A Murdoch University researcher has examined the benefits and challenges of adopting Smart Meters in Western Australia as the state’s peak energy use continues to rise.
Dr Samuel Gyamfi from the School of Engineering and Information Technology said this upward trend would have economic, social and environmental consequences for the state unless steps were taken to moderate energy consumption.
He said data on Smart Meter use in other cities revealed they were an effective way to achieve energy reduction by households, but that relying on pricing alone to modify consumption behaviour was not enough.
“Smart Meters are effective in conveying real-time information about the state of the grid and can inform efficient use of energy for residential homes. But expecting households to reduce their use with pricing signals is not enough, as roughly 40 per cent of households don’t respond to cost,” Dr Gyamfi said.
“To realise optimal energy savings, especially during peak times, the social, environmental and long-term economic benefits of reducing energy demand have to be communicated to consumers.”
Dr Gyamfi said this messaging was needed in WA, citing data which showed a clearly increasing trend in peak energy use, which would have consequences in the growing state if left unaddressed.
“Environmentally, high demand during peak times is typically accommodated through more carbon-intensive forms of production, including diesel generation. There is a direct relationship between peak demand and environmental emissions in nearly all power supply networks,” Dr Gyamfi said.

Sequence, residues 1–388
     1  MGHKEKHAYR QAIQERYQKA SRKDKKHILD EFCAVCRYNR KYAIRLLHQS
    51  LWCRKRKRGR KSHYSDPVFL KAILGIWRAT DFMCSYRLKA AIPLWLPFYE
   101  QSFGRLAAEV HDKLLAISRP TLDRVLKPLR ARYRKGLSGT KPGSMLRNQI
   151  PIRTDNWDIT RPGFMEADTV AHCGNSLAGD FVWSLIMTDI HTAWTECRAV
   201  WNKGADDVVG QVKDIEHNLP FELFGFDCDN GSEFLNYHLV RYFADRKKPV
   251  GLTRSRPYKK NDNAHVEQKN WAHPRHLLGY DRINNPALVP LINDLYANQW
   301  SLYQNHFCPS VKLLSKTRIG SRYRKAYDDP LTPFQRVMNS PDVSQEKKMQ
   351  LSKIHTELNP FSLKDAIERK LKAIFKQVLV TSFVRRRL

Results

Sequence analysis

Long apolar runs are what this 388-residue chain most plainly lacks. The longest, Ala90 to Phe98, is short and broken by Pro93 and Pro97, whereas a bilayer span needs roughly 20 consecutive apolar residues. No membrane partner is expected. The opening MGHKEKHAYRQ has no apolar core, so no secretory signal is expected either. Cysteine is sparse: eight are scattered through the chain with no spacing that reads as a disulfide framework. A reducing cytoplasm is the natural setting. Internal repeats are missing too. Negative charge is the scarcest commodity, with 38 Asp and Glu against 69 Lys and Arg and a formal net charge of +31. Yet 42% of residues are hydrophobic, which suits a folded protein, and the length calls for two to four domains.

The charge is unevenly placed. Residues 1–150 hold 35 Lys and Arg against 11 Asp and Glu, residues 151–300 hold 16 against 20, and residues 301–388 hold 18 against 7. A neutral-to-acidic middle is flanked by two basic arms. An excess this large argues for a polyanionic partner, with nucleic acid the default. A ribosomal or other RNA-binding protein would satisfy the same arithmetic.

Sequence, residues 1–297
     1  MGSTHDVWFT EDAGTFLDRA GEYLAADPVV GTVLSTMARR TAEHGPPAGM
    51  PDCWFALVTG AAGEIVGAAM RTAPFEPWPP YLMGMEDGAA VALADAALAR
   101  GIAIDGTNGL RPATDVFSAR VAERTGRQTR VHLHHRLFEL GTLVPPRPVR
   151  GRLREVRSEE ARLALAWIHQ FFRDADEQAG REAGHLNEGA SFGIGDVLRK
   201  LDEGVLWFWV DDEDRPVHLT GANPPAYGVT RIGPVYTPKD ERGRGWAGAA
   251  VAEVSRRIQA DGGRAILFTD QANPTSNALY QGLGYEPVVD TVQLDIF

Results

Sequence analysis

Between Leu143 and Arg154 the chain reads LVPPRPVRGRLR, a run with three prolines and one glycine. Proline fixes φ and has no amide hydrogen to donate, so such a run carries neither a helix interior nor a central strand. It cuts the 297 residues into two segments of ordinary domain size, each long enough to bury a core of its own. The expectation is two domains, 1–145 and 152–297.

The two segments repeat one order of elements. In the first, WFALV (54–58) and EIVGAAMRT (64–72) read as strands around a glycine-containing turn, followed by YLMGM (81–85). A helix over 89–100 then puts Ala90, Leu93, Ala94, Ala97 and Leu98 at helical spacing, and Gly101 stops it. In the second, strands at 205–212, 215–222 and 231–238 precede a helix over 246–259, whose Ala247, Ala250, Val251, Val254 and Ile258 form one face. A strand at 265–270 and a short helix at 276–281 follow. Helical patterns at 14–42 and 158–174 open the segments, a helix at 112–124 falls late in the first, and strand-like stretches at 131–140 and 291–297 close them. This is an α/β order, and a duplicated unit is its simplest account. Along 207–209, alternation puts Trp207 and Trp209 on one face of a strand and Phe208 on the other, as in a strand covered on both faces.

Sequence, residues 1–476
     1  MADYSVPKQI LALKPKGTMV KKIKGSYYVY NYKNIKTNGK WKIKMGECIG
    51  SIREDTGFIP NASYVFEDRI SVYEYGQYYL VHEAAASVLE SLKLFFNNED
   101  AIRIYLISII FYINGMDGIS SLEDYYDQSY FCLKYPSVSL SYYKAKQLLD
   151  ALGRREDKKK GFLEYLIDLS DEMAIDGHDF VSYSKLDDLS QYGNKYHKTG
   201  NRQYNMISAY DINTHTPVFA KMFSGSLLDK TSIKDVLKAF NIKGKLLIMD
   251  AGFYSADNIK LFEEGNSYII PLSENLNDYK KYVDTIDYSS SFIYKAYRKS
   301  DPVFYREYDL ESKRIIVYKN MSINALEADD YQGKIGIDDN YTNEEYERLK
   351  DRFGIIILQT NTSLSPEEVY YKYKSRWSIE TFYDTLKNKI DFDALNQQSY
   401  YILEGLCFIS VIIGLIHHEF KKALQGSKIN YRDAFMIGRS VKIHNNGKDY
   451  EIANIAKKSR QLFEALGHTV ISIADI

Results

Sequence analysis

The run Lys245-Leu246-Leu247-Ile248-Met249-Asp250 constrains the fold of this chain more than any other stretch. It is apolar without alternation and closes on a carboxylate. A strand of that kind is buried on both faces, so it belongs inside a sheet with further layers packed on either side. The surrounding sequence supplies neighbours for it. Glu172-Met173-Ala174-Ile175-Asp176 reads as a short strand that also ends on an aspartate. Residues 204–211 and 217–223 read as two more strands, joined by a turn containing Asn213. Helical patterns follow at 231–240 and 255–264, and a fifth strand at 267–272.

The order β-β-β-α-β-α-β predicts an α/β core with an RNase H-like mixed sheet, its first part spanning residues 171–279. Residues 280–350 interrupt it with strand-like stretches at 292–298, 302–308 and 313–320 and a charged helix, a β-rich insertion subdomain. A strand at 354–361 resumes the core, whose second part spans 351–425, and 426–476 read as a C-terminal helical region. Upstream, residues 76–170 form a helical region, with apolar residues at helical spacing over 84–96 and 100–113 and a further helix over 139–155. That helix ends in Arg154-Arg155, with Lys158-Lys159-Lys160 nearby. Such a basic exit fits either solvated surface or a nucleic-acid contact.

“In terms of energy security, grid failure could become an issue, especially with a rapidly expanding population. Data from the public campaign following California’s energy crisis in 2001 shows that consumers do respond when informed about how their usage affects grid stability.
“From a long-term economic perspective, infrastructure cannot be expanded indefinitely, which means major investment at some point.”
At the same time, Dr Gyamfi said the cost of installing Smart Meters stood to be very high, and how they would be financed and by whom would be a political issue.
As for supplementing the grid, he said that while the state and federal solar rebate schemes had a flattening effect on the rise in peak energy use in WA in 2010 and 2011, solar power in residential homes could not solve the problem.
“Solar power is positive for energy security in WA, but peak usage generally falls between five and seven pm, which is when people are returning home to cook and turn on lights and appliances such as air conditioners.
“Unfortunately, this isn’t the optimal time for solar energy production.”
'Residential peak electricity demand response – Highlights of some behavioural issues' involved Murdoch University and the University of Canterbury (NZ) and can be found here.